The European Union, seriously “outsourced” and “sequestered” by the market

Sunday, December 5, 2010

Progressive outsourcing of production toward the East, finally ending up in China, the “world’s factory”, has created an enormous paradox: the largest communist nation is now a great capitalist power.

In other respects, for decades talent has been fleeing toward the West. Europe has spent much effort to offer (pre-doctoral, post-doctoral...) scholarships and aid, but later, due to a large extent to less flexible procedures than in the U.S, thousands of scientists and specialists in a wide range of fields have accepted job offers elsewhere, particularly in the United States.

In defense matters we have likewise “partially outsourced” to the other side of the (North) Atlantic.

And in Europe, with respect to services and the “bubbles”, we have been left suffering quite substantially from the “collateral effects” of plutocratic globalization.

We are dominated by financial experts, while the representatives of great capital fortunes, well-positioned and protected from the storm, merely repeat with exasperating monotony that they have the solutions (which they never offer)... while looking the other way.

President Bush already warned us in November, 2008: "the solution to the crisis is the market economy, free trade". I have already referred on several occasions to the tremendous error that Europe, subservient and weak, committed by hurriedly attending the Camp David meeting on that date, when Obama had already been elected, and the U.S. President-elect could have led the recovery from financial (and democratic, and political, and environmental, and ethical...) bankruptcy.

But then, instead of the United Nations, it was the G-20 that ordered the use of public funds to “rescue” the mostly private financial institutions that were floundering. And now, logically, the public sector has a huge deficit which must be paid... by the public sector (!) while introducing budget cuts, including those that support social programs. The market has captured politics, blurring all of the different ideological options.

Europe, like the entire world, has been sequestered by the market. It was aided by announcing regulatory measures and the immediate elimination of tax havens. But deregulation continues; tax havens are still open for business; and the biased, partial, opportunist and hardly disinterested “ratings” and “classifications” continue to be issued (the latest one from Moody’s on the day before Catalonia released its treasury bonds for sale!).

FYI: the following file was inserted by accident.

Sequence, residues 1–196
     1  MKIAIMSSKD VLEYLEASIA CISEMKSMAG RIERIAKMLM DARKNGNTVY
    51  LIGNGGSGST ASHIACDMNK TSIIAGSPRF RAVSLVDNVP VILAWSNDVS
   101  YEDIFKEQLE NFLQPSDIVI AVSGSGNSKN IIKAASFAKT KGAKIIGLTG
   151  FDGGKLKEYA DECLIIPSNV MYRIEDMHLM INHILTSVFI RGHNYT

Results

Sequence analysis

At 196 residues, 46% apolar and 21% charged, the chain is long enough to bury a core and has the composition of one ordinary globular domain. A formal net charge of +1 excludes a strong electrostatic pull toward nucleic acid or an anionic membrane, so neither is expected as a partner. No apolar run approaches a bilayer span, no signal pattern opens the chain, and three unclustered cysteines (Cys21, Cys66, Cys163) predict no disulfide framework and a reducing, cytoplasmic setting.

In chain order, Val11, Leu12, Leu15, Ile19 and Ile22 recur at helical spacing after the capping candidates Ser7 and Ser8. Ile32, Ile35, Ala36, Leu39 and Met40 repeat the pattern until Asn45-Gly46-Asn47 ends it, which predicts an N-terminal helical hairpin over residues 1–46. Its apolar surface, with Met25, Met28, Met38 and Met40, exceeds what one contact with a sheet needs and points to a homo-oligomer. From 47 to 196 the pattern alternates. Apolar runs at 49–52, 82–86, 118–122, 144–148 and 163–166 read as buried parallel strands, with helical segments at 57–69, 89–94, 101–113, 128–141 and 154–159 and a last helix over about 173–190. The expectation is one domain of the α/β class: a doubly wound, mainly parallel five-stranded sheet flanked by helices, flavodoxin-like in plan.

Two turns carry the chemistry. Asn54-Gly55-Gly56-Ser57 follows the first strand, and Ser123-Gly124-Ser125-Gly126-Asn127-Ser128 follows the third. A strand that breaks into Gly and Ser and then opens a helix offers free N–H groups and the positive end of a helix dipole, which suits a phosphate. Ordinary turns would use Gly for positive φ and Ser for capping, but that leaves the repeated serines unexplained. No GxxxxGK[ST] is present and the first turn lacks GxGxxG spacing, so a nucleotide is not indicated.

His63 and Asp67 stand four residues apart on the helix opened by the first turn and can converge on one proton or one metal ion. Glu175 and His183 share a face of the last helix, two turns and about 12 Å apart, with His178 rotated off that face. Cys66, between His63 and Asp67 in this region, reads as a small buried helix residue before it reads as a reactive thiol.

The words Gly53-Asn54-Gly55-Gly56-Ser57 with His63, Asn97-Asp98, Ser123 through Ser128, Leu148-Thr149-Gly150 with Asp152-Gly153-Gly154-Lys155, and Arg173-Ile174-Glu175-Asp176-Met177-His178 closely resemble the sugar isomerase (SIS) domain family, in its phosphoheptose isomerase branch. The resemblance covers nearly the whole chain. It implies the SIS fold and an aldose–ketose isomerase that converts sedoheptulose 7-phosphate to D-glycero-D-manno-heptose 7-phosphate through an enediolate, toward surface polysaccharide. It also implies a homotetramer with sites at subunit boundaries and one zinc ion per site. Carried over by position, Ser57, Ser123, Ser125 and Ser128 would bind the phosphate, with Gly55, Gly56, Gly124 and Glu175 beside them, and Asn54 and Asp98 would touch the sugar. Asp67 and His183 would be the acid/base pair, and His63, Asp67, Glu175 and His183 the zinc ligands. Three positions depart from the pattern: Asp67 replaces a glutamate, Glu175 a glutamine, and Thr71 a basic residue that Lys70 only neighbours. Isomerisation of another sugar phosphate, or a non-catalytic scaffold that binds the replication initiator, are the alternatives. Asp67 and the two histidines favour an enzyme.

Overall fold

Europe, trampled by horses. Instead of holding the reins like expert horsemen, we are being trampled by the runaway power of the market.

The West has accepted the gradual alienation of the United Nations. It has forgotten its democratic principles, human rights, and the wealth of its diversity. It has embraced the market and is allowing itself to be unduly influenced by the power of the media. And, as in Sweden, it is the far-right that, against all predictions, is benefiting from the crisis. Outbreaks of xenophobia and radicalization are eroding the social-democratic foundations that for years have been the point of reference.

But in times of resistance the seeds of mobilization planted years ago are now germinating, and Internet will be particularly relevant for that purpose.

And more and more seeds will be planted to fill whole fields that will make the means for action available to citizen power. Change will come to citizens who are tired of being subjugated and neglected. It won’t be long, despite those who seek to prevent it through confusion and deceit, and by eliminating education for citizenship from all educational programs.

Yes, the era of “the Peoples” will arrive, as so lucidly predicted in the United Nations Charter. And, with much courage, citizens will demand that the markets be regulated; that alternative funding be found (taxes on electronic transactions, for example); closing, once and for all, harmful tax havens; taking urgent environmental measures, especially to prevent potentially irreversible harm; reducing military spending and weapons, devising new strategies and machinery appropriate for new types of conflicts...

It is in this way, and only this way, will this abduction end, enabling Europe to emerge as a point of reference for global democratic governance.

Instead of disparaging it, let’s support political leadership in the European Union. To be able to resist and overcome the intolerable onslaught of the markets that remain in the hands of so few. To “outsource” only the types of production deemed most appropriate. And, as the European Research Council commenced to do in 2007, let’s actively promote R&D+i in a “un-outsourced” EU, with the “brains” from its Member States.

Design and put into practice your own defensive system. Alliances, yes. Dependencies, no.